On one hand, reading this book reminded me of why I liked the earlier Spenser novels and almost makes me want to re-read them up to maybe Valediction. I mean, I re-read Early Autumn fairly regularly in my formative years and even gave it as a gift to one or more friends that I thought could use some encouragement in self-definition.

But I have so many other books to read, so I will likely hold off on that unless I find other signed first editions on collectible tables in the future.

As it stands, the hardback I already owned of this title was a Book Club Edition. So I seriously upgraded my collection with this $7.50 purchase. Which could well be my last addition to the collection unless the Spenserian Sonnet limited edition falls into my lap. I see that the Wikipedia entry for Robert B. Parker’s bibliography does not include his dissertation The Private Eye in Chandler and Hammett or Parker on Writing, both signed and numbered limited editions nor his signed and numbered sonnet; I have two of three in my collection as I was a serious collector for a while around the turn of the century. But, ah, the loss of heroes, ainna?

4 thoughts on “Book Report: The Widening Gyre by Robert B. Parker (1983)

  1. Depending on the day, I rank this one above or below “A Savage Place” in that first arc of books that roughly winds up at “Catskill Eagle.” Obviously no one likes their heroes to fail the way Spenser did in “Place,” but “Gyre” seems like a puzzle with pieces jammed instead of fitted together. Meade and Ronnie are written like they’re supposed to have real depth but they’re very much sterotypes – and they don’t even really fit as Spenser/Susan projections since the unfaithful partners in the relationships are reversed.

    Although, “I’m with the clean mouth bureau. Step around the corner here and I’ll explain why swearing is ignorant” is in my top tough-guy quips file.

  2. You know, reading these through the lens of where the series went and where the entire genre went might lead one to wonder if we’re looking back at it with a golden glow. I don’t think so–it is that good, and it does stand out among other examples of the genre.

    One wonders whether Raymond Chandler himself would have held up if his books had extended beyond the half dozen he completed, or if Dash Hammett had tried to write at the novel length over a long period of time.

    Not everyone can be John D. MacDonald.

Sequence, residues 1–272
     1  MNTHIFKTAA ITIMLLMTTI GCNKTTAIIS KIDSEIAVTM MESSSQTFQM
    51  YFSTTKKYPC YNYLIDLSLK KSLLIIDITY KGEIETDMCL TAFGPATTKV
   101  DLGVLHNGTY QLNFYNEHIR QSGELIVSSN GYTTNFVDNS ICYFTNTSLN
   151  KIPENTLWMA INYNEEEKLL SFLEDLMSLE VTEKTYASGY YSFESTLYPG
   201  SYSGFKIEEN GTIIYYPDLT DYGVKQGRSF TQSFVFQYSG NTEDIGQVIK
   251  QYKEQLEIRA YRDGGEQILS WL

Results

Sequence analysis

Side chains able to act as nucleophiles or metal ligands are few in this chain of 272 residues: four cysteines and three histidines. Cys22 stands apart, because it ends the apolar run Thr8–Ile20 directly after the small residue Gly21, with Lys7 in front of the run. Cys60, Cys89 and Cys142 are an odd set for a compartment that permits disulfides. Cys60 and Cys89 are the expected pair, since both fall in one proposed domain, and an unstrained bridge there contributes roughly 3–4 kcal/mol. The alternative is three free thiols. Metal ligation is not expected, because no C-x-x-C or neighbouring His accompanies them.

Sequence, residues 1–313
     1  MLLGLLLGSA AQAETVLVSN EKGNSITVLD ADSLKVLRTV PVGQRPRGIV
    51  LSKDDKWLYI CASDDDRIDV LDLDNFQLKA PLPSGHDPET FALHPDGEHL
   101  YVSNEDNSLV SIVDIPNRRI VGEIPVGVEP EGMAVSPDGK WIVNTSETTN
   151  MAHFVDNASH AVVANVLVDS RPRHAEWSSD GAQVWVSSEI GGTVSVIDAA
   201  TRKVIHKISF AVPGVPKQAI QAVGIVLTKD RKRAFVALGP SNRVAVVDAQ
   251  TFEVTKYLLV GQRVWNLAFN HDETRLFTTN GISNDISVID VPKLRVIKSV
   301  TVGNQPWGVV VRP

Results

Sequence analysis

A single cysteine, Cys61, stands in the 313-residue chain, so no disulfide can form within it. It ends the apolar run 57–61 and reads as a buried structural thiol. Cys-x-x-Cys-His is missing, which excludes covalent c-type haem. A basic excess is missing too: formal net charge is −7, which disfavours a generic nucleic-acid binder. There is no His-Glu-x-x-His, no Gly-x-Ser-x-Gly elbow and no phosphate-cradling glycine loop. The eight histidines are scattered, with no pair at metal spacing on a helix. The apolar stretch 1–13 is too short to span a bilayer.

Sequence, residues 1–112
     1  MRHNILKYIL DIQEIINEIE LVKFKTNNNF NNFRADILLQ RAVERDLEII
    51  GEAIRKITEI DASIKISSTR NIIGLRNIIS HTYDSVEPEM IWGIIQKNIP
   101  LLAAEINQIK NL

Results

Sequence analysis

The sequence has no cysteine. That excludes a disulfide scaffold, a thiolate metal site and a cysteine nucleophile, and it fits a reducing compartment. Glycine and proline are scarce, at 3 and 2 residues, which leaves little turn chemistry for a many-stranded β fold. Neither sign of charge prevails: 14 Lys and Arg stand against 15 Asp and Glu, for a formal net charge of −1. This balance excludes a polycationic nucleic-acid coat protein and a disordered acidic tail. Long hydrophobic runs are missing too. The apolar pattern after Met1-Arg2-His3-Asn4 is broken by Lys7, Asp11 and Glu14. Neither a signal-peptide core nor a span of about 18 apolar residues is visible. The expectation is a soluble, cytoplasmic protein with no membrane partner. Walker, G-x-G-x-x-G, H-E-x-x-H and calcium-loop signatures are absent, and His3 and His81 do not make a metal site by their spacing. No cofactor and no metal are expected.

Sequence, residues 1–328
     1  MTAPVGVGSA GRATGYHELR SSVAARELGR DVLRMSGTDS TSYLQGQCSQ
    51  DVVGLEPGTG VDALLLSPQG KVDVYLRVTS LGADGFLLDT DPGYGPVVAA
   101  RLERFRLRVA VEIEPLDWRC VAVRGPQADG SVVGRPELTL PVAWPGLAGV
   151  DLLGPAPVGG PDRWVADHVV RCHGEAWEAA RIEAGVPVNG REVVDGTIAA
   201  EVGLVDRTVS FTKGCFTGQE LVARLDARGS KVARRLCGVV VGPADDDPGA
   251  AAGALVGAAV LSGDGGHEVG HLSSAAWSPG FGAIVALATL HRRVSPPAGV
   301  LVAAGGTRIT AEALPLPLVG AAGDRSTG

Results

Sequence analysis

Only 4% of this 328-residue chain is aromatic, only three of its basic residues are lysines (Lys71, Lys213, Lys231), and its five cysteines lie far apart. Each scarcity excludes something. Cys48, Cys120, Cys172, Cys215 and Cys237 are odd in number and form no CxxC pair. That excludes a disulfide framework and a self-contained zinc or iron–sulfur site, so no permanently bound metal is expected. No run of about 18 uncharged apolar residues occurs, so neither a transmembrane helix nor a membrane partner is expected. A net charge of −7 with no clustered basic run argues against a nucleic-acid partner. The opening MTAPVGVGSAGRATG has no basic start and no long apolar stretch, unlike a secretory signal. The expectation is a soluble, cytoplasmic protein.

3. I think the Houghton-Mifflin/Delacorte period has some of the best of the genre, period. Even Parker’s fouls had stuff in them better than whole alphabetical sections from the rest of the shelves. Once he had his shakedown cruise in “Godwulf Manuscript” he shed his over-reliance on some of the tropes, trimmed his word count and was off to the races.

    When he went to Putnam it seemed like he spent more and more time coasting. For my money, “Playmates” is about the only one from that run that can stand up to the best of the first 10-12 years. “Painted Ladies” comes close, as if he recognized that each book might be his last and he thought he should try harder to make a good closing statement.

  4. I re-read the early books in the early part of the century, in the years B.B. (before the blog), but I haven’t re-read them since–which is odd, since the millennial re-read was not the first time I’d returned to them.

    I put the marker at A Catskill Eagle, as you know, which coincided with his time in Hollywood. The other things dropped off from there. If I had to point to one that I thought was almost okay from there, it might have been Double Deuce. But I would have said it was the Early Autumn equivalent for Hawk that turned out about how it could. Also, I grew up for a time in a housing project where the basketball nets were chain–when they weren’t missing.

    So I am not going to keep up with you talking intelligently about the change and direction of the series book-by-book as they sort of blend together after the time where he drew the titles from poems.

    Speaking of which, I thought about titling my first (unpublished) novel A Sordid Boon following this guidance; instead, I titled the manuscript Marquette Minus One.

    Re-reading this book, though, makes me want to re-read the early works again–they inspired me to write, and to be honest, I could do with some inspiration again, as my creative writing aside from the tappings here has stalled out.